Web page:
May is Mental Health Awareness Month and here at 25YL, we want to highlight some of the television shows and characters that spoke to us directly about this sensitive subject. This week, Martin Hearn looks at UK soap operas, what various storylines are doing to remove the stigma around mental health, and how they’re actually saving lives.
There’s an outdated stereotype that still exists saying that soap operas were created for women so therefore only women should watch them, and any man who watches them isn’t a “real man.” I myself have been ridiculed numerous times over the years as I’ve been watching them since I was a young boy. You still see the same kind of bullying taking place in today’s forums. What is it about soap operas that people take an issue with? Here in the UK, shows such as Eastenders, Coronation Street, and Hollyoaks are now largely used as a platform to raise awareness for real-life issues that people are facing. They highlight what’s going on in people’s lives in the hopes that it will help them, educate others, and perhaps even save a life. How can watching something that helps so many people still be used as a means to insult?
When I went to school during the 1990s, we weren’t taught about mental health issues or anything even remotely related to them. In fact, I don’t even think the term “mental health” was ever once uttered by a single teacher back then. These people were there to educate us, so why weren’t we being educated on such a huge issue that can affect absolutely anybody?
By my early teens, I knew something was wrong with me but I didn’t know what it was. I now know I was suffering from depression and various anxiety issues, but how could I have possibly known that back then? I was 14, uneducated on mental health, and all I had to base anything on was schoolyard gossip that “some people had crazy problems and tried to kill themselves.” It sounds silly that it was only 20 years ago, yet we didn’t have things like school counsellors to go to for help. We really didn’t have anyone to talk to about personal problems. How were we supposed to get the help we needed and begin to understand our own problems if we didn’t even know what those problems were?
Eastenders: Jean and Stacey Slater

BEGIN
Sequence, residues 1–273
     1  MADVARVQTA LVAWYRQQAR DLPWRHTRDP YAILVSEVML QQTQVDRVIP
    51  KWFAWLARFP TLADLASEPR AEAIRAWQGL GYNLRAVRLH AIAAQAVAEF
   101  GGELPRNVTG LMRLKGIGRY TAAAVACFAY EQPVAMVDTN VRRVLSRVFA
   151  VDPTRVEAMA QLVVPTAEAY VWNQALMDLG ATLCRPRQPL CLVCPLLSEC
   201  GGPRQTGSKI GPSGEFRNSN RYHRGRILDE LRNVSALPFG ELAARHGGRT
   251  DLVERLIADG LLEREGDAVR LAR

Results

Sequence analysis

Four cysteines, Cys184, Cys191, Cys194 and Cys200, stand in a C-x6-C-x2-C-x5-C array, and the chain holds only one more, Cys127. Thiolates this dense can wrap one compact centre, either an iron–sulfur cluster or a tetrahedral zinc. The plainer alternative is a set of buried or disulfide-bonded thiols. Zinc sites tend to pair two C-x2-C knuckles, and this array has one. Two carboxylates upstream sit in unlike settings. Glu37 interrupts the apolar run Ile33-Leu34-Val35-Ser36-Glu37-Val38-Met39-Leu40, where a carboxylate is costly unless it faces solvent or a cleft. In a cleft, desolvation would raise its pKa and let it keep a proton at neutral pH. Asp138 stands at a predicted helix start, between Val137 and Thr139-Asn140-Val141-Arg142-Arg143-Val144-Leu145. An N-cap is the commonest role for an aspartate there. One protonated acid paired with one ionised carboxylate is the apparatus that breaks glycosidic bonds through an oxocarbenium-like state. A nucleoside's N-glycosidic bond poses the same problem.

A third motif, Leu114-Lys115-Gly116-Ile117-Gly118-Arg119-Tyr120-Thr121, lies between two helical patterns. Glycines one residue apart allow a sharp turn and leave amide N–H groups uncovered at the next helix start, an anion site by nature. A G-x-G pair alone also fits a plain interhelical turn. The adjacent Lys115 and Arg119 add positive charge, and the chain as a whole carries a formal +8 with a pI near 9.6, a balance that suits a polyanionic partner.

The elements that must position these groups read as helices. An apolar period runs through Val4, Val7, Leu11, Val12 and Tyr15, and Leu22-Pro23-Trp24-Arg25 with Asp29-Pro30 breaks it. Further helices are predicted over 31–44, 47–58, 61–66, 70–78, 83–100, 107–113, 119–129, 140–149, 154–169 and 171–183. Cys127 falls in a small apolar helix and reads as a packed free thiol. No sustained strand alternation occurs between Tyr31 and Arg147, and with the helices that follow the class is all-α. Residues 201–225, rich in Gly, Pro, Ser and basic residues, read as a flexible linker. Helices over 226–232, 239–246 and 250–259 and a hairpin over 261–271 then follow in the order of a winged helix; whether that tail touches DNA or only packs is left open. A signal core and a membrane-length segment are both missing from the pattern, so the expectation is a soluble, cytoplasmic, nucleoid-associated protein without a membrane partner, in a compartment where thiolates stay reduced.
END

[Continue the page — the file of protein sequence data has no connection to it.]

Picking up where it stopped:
“I just want it to stop, Mum. I know what it’s like, it goes round and round, up and down. I don’t want to go down…I’m scared of going down.”
Back in the early 2000s, Eastenders introduced us to the iconic Slater family, including troubled Stacey (Lacey Turner) and her mother Jean (Gillian Wright). Jean has bipolar disorder, and her condition took centre stage for their earlier storylines, but it was later discovered that Stacey was suffering from it too. After the death of her father and the disappearance of her brother Sean (more on him later), Stacey became Jean’s sole carer from around age 11. Jean was diagnosed but often didn’t take her medication, which resulted in her behaviour becoming more and more erratic and even led to her being sectioned in a mental health facility after a suicide attempt.
There’s a beautiful scene in which Jean sits in the bath and, as Stacey washes her hair for her, she says that she’s frightened of everything; she says things she doesn’t mean and then asks what she’s going to do. Jump forward four years, and Stacey has also been diagnosed with bipolar disorder. As she sits in the bath, with Jean washing her hair, she repeats those familiar lines about not meaning what she’d said and that she’s scared. The roles have now been reversed and Jean must finally adopt a maternal role and become the caregiver in the relationship. The re-creation and reversal of the original scene was so perfectly done that, despite being on our screens four years later, it truly showed us the same story through different eyes.
I don’t suffer from bipolar disorder but this storyline is something that got people openly talking about mental health in its various forms. It was finally getting the word out there that not all illnesses are visible and noticeable. The show taught us these things and I owe a lot of my early mental health education to this storyline. It helped me discover what was really wrong with me and what others around me had been going through. When I was growing up, my own mother was suffering very badly from depression and I didn’t even realise what was really going on. I knew she was unwell but I didn’t know what it was. I wasn’t taught at school what I myself was secretly going through, so how could I know what someone else was struggling with?
My confusion as to what was happening with my own mind (as well as other issues like being bullied) made me act out and become a not-very-nice teenager; looking back, this probably didn’t make life any easier for my mother. She always looked after me, and when I saw the way Stacey looked after Jean it made me regret not looking after her more on the days that she needed it. I blame the schools for not teaching us about these things. If I was more educated in what was happening then I could have helped more and wouldn’t have to live with the constant regret of failing her. Thankfully, she’s a lot better now.
Originally Stacey tried to hide just how bad Jean’s condition had gotten from the rest of the family, and did the same after her own diagnosis. She tried to hide her own condition by masking it with the behaviour she considered normal. It’s sometimes a natural reaction to try and hide what’s really going on with our lives and, while it does feel like a good idea at the time, it’s often making things worse.
Hollyoaks: Scott Drinkwell
“What is it about someone different that offends other people so much? I can’t change the way I walk, talk and act…And I can’t change the way that they think.”